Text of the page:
Peer-to-Peer (P2P) Payment Taxes

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Peer-to-peer (P2P) payment platforms like PayPal and Venmo have emerged as go-to tools for transferring money swiftly and seamlessly. If you’re wondering about the tax implications of sending or receiving funds through these popular apps, you’re in the right place. Continue reading to understand the P2P platform’s reporting requirements and how using these apps will impact your tax filing.  

What is a peer-to-peer (P2P) payment platform?  

Peer-to-peer (P2P) payments refer to a digital financial transaction method that allows individuals to transfer money directly to one another using electronic devices, typically through mobile apps or online platforms.   

These transactions are often quick, convenient, and user-friendly, eliminating the need for traditional methods like cash or checks. Notable P2P payment services include PayPal, Venmo, Cash App, and others.  

Will I be taxed for sending and receiving money?  

It depends. Whether you’ll be taxed for sending and receiving money on a P2P platform depends on the type of transaction. The IRS has explicitly stated that personal transactions between friends or family are not taxable income. However, receiving substantial amounts of money or using P2P platforms in exchange for goods or services may affect your tax return. As of 2023, the IRS will require payment platforms to issue Form 1099-K for any number of transactions that total $600 or more.   

This change means that when a roommate reimburses you for their portion of the rent, a friend sends money for drinks, or a parent transfers you money for groceries, those transactions will not be taxed as income.   

But let’s say you sell multiple pieces of furniture online or handmade crafts at a farmer’s market and accept payments through an app like CashApp. If your transactions total more than $600, you can expect to receive a tax form documenting those transactions. You must report this income on your tax return. 

Will P2P platforms report my sales to the IRS?  

Yes. The IRS now requires peer-to-peer third-party payment platforms to provide information to the IRS on users who receive payments for the sale of goods and services using their apps. Beginning in 2023, the IRS requires P2P platforms to issue Form 1099-K to users with transactions totaling more than $600.    

Read also: Why You Might Get a Form 1099-K and What it Means for Your Taxes  

How do payment platforms know if transactions are personal or business?  

While the platforms themselves don’t always have a foolproof way of determining whether a payment is personal or for business, they can use several indicators to attempt to identify and sort transactions accurately.  

These indicators may include user account types (personal or business), transaction descriptions, the presence of specific keywords (like “rent” or “invoice”), frequency, and amounts of transactions. Additionally, some apps allow users to voluntarily categorize their transactions or provide information about the payment type, which helps the platform accurately classify.   

Despite these efforts, it’s important for you to understand how your provider labels and tracks transactions so you can keep proper records. Ultimately, it’s your responsibility to correctly categorize transactions and accurately report income.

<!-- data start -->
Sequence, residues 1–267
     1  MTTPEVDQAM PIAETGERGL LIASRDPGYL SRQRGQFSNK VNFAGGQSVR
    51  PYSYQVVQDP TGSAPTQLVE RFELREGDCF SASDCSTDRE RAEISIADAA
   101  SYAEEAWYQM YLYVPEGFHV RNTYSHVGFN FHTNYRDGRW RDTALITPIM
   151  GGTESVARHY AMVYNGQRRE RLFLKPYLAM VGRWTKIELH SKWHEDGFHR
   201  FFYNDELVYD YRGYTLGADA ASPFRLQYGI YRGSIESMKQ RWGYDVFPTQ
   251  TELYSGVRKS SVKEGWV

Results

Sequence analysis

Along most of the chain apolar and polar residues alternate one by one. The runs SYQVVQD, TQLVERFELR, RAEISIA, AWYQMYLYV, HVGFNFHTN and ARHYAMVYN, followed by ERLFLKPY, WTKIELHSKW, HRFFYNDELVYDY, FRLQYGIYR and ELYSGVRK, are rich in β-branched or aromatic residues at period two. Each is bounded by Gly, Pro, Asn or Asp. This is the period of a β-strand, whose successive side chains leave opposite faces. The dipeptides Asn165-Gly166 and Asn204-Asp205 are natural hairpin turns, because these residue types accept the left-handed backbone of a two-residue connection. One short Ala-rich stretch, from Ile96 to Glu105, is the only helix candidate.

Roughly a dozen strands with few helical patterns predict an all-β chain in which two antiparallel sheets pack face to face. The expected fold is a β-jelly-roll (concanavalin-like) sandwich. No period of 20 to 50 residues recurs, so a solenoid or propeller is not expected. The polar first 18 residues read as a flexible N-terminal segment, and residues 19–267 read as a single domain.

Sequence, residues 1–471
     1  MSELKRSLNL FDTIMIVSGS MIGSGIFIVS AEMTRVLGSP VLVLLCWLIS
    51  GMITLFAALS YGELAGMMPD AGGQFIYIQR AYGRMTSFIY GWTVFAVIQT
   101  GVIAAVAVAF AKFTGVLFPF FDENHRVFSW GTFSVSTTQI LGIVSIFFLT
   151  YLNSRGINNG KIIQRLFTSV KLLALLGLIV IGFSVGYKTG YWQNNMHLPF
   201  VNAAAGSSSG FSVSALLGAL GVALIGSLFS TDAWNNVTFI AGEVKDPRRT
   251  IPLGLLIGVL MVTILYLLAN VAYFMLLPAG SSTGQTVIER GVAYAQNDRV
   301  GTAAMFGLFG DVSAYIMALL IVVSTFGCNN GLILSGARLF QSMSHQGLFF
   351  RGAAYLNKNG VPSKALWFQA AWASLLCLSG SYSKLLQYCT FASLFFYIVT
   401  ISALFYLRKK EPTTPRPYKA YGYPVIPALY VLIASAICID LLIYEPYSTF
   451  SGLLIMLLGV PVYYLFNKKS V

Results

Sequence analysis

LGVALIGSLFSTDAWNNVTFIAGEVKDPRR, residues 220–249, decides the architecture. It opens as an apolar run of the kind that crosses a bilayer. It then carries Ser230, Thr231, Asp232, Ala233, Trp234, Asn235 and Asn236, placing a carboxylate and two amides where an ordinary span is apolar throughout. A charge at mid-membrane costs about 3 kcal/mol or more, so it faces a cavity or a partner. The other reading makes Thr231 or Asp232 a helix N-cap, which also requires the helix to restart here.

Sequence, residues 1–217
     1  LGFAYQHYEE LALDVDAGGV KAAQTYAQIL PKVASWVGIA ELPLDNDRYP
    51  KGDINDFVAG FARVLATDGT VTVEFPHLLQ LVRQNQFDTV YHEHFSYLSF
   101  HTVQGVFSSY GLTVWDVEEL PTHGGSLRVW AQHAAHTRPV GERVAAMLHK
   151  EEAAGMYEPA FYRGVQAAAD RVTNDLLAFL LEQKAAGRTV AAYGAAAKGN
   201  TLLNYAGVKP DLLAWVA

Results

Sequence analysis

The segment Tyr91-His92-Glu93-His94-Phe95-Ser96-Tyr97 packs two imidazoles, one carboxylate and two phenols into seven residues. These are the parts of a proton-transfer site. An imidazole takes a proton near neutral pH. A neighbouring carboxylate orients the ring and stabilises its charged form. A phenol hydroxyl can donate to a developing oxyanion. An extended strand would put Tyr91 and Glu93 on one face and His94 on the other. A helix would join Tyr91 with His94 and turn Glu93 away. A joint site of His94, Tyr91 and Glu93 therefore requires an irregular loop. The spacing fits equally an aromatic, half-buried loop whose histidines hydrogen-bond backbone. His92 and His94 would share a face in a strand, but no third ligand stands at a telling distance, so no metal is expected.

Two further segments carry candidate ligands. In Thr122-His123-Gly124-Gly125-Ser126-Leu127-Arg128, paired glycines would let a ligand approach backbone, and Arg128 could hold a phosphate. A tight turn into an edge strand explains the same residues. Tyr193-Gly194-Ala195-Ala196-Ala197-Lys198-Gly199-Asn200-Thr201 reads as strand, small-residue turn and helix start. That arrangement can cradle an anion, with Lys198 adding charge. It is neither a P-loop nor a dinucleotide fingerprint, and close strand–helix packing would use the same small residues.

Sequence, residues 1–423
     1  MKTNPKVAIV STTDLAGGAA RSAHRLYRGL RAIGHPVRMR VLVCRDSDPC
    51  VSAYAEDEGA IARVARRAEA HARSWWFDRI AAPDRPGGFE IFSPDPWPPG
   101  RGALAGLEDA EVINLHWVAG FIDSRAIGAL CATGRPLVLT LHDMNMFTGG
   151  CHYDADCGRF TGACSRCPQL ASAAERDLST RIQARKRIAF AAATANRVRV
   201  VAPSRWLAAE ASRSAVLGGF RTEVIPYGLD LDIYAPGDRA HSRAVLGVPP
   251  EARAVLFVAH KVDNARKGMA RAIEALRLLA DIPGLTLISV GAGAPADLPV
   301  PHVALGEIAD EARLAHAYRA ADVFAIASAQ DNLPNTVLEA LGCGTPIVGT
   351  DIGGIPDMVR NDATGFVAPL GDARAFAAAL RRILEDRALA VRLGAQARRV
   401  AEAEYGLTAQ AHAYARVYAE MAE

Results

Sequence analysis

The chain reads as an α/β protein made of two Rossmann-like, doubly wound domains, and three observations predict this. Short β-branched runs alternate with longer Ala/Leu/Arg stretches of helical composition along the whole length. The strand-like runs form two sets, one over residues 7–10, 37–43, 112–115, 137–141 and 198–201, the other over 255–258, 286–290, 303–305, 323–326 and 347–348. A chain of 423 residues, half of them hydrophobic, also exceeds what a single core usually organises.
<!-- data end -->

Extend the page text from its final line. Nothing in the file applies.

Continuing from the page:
What if I received business transactions on a personal account?  

If you are using a personal account for business purposes, you may receive a 1099-K that does not accurately reflect the entirety of the income you’ve collected throughout the year. It’s always a good idea to review your tax forms for accuracy when you file. 

If you suspect your 1099-K is missing payments, contact the payment platform immediately to request a corrected form. If you can’t get an updated document or identify additional missing payments or transactions, you should still report that income on your tax return using your own documentation. 

Learn more: The Best Way to Organize Receipts and Records for Tax Time 

Can you collect payments without being taxed?  

Receiving money through peer-to-peer (P2P) platforms doesn’t automatically mean those transactions are taxable. Whether the IRS taxes these payments depends on the nature of the transaction and the amounts.  

Those transactions are not taxable if you are receiving payments from friends or family for personal reasons. However, if you are receiving payments for goods or services rendered, that income may be considered taxable.   

If you are accepting some or even all your business income through peer-to-peer payment platforms, consider creating a separate business account with the platform. Dedicating an account to business use will keep your personal transactions from being mistakenly reported on a 1099-K as a business transaction. 

Do you have to pay taxes on Zelle payments?  

The IRS does not require Zelle to send tax documents for transactions within their network but if you receive payments that are considered taxable, it’s still your responsibility to keep track and report those on your tax return.  

TaxSlayer makes reporting Form 1099-K easy! Get more details on updates to Form 1099-K here.  

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